This is precisely why I’m proud to announce that I’ve joined the Board of Advisors for a brand new organization, the Family Travel Association (FTA).

The mission of the organization is simple: To inspire families to travel and to advocate travel as an essential part of every child’s education. In short, the FTA emphasizes the role of travel in the development of our children, and prioritizes travel as an important activity for family bonding and development.

These all are concepts I embrace wholeheartedly.

In the beginning, my role will be to help guide the organization in terms of policies and procedures. I’ll probably do some writing for the group, too, and hope to put together some original pieces for distribution through traditional channels. Over time, this role likely will grow (though I’m not sure how).

I’m honored to be on an all-star team of advisors; a team that includes Keith Bellows, senior vice president and editor-in-chief of National Geographic Traveler magazine; Laura Davidson, president and founder of Laura Davidson Public Relations; Lynn O’Rourke Hayes, editor of FamilyTravel.com; Kyle McCarthy, editor of Family Travel Forum; and Amie O’Shaughnessy, editor of Ciao Bambino (to name a few).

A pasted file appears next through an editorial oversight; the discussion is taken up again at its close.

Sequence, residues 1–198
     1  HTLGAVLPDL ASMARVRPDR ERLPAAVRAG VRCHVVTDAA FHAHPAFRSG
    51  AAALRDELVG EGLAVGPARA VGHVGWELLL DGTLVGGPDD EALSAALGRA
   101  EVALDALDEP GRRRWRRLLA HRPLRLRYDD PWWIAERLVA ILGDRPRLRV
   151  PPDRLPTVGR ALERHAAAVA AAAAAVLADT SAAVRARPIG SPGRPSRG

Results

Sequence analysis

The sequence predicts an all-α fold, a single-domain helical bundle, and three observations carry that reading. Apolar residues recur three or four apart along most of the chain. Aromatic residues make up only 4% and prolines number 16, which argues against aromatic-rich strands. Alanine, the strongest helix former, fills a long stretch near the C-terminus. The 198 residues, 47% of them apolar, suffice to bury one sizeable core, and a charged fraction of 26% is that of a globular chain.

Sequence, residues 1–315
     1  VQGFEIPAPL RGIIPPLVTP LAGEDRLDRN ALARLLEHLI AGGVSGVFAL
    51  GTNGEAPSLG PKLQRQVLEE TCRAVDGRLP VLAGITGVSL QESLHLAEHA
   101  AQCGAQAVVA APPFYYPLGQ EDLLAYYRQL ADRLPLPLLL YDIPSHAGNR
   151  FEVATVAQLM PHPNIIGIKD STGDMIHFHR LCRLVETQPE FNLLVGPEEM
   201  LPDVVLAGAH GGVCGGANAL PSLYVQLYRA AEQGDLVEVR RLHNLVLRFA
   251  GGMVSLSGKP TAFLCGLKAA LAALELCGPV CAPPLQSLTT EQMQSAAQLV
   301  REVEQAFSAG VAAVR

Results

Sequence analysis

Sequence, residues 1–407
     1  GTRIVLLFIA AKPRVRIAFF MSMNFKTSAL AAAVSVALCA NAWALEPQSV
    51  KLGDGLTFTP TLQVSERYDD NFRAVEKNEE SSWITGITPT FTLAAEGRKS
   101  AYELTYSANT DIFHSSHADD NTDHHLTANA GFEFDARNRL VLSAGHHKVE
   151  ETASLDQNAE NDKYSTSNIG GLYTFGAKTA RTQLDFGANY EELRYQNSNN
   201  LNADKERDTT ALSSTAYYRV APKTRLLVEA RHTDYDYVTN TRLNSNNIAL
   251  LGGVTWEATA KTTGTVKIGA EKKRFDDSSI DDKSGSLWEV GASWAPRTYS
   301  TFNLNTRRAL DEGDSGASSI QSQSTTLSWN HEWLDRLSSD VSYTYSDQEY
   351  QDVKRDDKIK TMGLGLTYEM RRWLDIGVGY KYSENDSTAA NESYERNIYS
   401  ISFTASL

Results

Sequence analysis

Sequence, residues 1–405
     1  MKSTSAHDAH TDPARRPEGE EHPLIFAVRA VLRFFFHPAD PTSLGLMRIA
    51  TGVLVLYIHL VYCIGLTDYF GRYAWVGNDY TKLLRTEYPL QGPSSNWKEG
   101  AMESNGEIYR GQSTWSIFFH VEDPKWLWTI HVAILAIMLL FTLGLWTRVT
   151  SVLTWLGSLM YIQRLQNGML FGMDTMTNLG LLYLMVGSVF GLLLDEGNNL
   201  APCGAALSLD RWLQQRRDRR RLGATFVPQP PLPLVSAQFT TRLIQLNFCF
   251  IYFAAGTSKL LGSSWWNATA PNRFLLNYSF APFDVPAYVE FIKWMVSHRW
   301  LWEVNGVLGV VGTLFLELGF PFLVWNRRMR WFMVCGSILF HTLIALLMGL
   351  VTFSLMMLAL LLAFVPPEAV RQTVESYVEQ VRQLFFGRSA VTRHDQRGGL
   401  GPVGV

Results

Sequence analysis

Of course I’m also delighted to work with the organization’s founder, my friend (and a former publisher at National Geographic), Rainer Jenss.

Stay tuned for more updates about my work with the FTA and some of the projects we’ll launch in the first part of 2015. In the meantime, check out this video that Rainer made to help newcomers understand what we’re all about.

Wandering Pod Surfaces on Another Major Site

A peek at the Smart Family Travel site.

A peek at the Smart Family Travel site.

Another month, another new content partnership for Wandering Pod.

This time, the partnership is with Smart Family Travel, a new family travel site published in conjunction with Scholastic’s Parent & Child magazine. The site debuted in June but didn’t really go live until this past week.